The House voted yesterday to extend for five years the federal government's major education aid programs, after cutting back increases in impact aid to avoid a confrontation with the White House.

The Elementary and Secondary Education Act, costing $46.8 billion over the five-year period and $10.3 billion to 20 vote. The bill now goes to the Senate.

Latest extimates show the government bears about 8 percent of the cost of running the nation's school system. Federal budget extimates predict outlays of about $10.1 billion for fiscal

The major change made in the bill on the floor yesterday was a move by Education and Labor Committee Chairman Rep. Carl Perkins (D.Ky.) to cut impact aid increases in the bill by some $215 million.

Perkins said the move was made to work off a presidential veto and the figure amounted to a "compromise" with the administration.

The administraion had wanted to cut impact aid by some $76 million to $735 million. But the committee ignored its pleas and added increases amounting to about $127 million for some categories of impact aid and $110 million for children who live in public housing.

The cut means the Washington area will not get an expected $16 million windfall that would have gone to Maryland, Virginia and the District of Columbia under the bill, but the area will not lose any money, since the cut contained a "hold harmless" provision that protects recipients of aid from getting less than they did the previous year.

According to Rep. Herbert Harris (D-Va), the area will stay at its current level. "The administration was urging a cut of considerably more," Harris said. "We would have liked to have gotten more money, but I think we did well to hold it at its current level."

The cut eliminated a committee provision that would have allowed children whose parents work on a federal installation, such as the Pentagon, but live in another state, such as Maryland, to be counted for inpact aid.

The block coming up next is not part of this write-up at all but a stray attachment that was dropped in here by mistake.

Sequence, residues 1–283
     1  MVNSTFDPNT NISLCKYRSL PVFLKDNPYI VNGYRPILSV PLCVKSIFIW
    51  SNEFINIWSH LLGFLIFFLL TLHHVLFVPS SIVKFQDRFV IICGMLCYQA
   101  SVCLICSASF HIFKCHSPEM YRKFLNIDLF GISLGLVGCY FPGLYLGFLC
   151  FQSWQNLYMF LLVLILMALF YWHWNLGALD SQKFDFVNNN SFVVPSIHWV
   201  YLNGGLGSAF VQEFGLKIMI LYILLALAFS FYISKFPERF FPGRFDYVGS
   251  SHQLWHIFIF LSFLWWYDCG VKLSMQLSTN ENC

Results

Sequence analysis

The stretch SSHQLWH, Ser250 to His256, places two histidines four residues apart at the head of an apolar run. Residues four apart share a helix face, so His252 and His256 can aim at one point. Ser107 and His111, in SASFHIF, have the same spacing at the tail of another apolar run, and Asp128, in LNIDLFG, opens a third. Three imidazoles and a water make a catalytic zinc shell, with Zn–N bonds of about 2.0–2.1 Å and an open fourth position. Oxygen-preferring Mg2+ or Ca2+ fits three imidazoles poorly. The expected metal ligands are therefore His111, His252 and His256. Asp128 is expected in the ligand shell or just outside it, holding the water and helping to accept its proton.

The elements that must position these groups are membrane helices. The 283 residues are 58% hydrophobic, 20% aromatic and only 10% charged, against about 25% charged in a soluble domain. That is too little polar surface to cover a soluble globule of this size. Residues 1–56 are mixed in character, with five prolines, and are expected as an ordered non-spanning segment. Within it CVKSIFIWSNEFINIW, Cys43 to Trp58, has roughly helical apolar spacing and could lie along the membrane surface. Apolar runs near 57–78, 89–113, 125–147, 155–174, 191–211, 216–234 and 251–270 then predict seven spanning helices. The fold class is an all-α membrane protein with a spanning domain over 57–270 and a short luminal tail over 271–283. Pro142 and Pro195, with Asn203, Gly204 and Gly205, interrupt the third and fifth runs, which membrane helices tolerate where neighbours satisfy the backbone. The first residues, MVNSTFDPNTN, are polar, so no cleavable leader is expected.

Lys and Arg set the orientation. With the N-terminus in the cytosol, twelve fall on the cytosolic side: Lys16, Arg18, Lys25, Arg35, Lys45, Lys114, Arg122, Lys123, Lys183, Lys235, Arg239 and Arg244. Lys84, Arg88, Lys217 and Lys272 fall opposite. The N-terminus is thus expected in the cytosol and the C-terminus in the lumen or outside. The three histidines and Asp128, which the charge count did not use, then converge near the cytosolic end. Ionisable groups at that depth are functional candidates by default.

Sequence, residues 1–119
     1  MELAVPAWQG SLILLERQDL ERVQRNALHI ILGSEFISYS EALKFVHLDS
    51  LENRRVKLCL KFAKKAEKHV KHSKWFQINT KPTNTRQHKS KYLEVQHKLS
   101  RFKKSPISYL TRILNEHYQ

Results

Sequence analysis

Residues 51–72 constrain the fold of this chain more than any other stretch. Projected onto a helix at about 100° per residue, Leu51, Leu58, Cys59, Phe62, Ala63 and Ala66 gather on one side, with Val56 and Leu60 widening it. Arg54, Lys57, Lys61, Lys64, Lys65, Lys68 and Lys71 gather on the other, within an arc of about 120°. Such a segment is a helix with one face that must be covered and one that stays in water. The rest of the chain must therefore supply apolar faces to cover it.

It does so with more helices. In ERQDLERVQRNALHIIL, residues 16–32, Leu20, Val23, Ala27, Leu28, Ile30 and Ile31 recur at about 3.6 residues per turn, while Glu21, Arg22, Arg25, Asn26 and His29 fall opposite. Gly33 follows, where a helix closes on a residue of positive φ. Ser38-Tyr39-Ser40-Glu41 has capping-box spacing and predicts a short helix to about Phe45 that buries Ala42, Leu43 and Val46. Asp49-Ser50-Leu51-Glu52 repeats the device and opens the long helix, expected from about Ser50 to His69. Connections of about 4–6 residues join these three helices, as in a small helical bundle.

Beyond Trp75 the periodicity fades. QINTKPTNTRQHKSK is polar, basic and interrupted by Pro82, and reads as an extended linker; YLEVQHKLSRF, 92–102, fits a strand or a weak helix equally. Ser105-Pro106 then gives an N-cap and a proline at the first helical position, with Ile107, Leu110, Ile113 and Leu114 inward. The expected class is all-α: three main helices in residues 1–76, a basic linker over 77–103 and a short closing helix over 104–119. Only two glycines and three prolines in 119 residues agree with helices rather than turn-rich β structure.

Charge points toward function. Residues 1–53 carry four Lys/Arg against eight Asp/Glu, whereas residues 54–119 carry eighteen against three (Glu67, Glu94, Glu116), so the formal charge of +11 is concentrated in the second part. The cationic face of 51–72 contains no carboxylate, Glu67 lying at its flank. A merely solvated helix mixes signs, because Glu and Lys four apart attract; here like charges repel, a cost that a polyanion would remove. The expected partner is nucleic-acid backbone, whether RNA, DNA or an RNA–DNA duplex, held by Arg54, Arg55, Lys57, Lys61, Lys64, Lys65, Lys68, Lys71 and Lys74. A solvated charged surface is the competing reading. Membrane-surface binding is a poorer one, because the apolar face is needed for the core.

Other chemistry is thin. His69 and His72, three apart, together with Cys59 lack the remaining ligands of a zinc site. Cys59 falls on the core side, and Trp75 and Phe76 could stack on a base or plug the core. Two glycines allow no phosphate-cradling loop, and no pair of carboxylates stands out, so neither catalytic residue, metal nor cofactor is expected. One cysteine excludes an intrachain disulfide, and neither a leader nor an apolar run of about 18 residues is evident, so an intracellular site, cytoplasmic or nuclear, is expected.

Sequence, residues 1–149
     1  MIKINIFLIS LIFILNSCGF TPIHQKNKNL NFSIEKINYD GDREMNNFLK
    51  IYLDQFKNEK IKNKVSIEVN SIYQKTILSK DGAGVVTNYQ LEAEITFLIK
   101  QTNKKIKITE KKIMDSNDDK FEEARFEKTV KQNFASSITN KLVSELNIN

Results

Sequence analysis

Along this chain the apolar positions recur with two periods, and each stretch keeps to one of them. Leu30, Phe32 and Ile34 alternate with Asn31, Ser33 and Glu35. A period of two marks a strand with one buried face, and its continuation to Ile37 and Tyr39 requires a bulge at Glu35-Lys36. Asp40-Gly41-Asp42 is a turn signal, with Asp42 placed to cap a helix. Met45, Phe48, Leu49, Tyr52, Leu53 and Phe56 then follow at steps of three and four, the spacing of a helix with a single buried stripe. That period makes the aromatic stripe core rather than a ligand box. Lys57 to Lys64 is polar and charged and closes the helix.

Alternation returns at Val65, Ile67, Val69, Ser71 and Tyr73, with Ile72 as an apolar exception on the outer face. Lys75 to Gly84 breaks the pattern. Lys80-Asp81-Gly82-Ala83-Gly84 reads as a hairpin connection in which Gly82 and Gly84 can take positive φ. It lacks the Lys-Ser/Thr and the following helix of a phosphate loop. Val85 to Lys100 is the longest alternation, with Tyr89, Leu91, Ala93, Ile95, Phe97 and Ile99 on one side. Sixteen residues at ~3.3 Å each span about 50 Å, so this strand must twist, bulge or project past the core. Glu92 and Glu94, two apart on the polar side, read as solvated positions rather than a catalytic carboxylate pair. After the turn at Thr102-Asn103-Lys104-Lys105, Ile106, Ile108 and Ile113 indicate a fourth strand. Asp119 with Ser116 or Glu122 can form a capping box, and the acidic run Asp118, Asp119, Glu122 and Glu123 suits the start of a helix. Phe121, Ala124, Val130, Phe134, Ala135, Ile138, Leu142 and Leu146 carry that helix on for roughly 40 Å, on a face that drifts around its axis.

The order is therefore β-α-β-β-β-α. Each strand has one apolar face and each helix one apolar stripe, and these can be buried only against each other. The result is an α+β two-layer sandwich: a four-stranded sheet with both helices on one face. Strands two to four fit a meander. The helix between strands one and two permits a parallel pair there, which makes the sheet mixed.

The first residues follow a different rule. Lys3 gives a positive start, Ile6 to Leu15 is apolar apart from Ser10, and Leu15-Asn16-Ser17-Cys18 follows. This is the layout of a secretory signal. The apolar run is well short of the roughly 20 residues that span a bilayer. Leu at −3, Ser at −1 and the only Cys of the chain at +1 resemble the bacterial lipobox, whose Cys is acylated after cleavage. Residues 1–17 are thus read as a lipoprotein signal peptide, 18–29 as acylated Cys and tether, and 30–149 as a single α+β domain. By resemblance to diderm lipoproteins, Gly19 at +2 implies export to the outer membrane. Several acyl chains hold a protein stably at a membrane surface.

It reduced the amount of money for children whose parents work on a federal installation but live in a different county.

Perkins' move to cut $215 million was adopted by a voice vote. But a move by Minority Whip Robert Michel (R-III.), to cut the $110 million increase for children in low-rent public housing was defeated by a voice vote.

The idea of impact aid is to offset the burden placed on local school districts by government employes who work at tax-exempt federal installations.

The aid is compensation for the fact that the workers' families use local services but their employer does'nt pay the taxes that usually support such services.

Recent presidents however, have all tried to cut impact aid, which has grown from $29 million in fiscal 1951 to $770 million in fiscal 1978.

The other major change in the bill is one the committee made in the formula for distributing compensatory education money. Under 1974 provisions, the committee de-emphasized the number of poor children in a district as a basis for distributing the funds. This bill restores the emphasis on the number of poor children, with the result that big cities will get more of the $6.3 billion for FY '79 authorized for compensatory education.

The bill also seeks to reduce paper work in applying for federal aid, and it for the first time allows states grants to develop minimum standards of proficiency tests and remedial programs for those who fail such tests.